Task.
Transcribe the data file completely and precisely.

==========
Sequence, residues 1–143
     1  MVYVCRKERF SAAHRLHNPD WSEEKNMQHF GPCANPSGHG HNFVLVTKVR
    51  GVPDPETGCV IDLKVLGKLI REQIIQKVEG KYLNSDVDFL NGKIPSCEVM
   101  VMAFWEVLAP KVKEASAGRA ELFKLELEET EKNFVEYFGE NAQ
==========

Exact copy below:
Sequence, residues 1–143
     1  MVYVCRKERF SAAHRLHNPD WSEEKNMQHF GPCANPSGHG HNFVLVTKVR
    51  GVPDPETGCV IDLKVLGKLI REQIIQKVEG KYLNSDVDFL NGKIPSCEVM
   101  VMAFWEVLAP KVKEASAGRA ELFKLELEET EKNFVEYFGE NAQ